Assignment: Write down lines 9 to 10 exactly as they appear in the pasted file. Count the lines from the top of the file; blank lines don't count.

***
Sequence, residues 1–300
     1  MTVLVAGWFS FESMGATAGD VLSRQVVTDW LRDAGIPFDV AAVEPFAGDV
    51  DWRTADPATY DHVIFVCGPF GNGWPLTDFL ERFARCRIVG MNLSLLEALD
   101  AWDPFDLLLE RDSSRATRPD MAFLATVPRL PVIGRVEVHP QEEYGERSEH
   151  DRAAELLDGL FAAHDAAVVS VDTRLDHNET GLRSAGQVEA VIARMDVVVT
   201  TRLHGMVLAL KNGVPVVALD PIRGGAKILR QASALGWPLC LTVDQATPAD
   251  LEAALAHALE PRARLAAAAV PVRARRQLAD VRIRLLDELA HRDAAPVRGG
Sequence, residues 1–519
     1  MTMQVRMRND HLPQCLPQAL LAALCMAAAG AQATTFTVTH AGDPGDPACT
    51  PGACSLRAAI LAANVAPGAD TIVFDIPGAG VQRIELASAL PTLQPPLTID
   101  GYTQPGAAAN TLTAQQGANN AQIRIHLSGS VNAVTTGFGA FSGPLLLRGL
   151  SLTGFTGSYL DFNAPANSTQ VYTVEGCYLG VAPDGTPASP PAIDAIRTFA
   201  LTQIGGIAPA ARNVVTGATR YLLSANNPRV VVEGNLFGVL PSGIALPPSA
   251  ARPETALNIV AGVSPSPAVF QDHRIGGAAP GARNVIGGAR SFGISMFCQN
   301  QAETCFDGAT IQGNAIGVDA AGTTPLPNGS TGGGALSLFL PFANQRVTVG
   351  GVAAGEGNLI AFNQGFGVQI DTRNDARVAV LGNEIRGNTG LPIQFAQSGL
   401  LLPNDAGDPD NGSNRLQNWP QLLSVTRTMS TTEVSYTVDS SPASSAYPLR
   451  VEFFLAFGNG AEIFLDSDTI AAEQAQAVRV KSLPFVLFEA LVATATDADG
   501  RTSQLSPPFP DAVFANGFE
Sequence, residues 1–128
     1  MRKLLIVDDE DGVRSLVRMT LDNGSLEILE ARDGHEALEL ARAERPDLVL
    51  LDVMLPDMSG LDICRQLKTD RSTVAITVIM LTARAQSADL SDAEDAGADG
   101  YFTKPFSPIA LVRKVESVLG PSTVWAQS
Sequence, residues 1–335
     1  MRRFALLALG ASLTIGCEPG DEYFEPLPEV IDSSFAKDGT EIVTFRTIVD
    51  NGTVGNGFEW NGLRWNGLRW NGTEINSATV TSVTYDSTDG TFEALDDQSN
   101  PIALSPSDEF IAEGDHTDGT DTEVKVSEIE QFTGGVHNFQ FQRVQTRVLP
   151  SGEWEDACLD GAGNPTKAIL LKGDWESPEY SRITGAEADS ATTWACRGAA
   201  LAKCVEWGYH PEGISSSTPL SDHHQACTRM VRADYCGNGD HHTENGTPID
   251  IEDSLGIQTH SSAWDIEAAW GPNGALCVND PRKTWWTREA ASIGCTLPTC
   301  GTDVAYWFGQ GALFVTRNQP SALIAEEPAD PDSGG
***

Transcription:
     1  MTMQVRMRND HLPQCLPQAL LAALCMAAAG AQATTFTVTH AGDPGDPACT
    51  PGACSLRAAI LAANVAPGAD TIVFDIPGAG VQRIELASAL PTLQPPLTID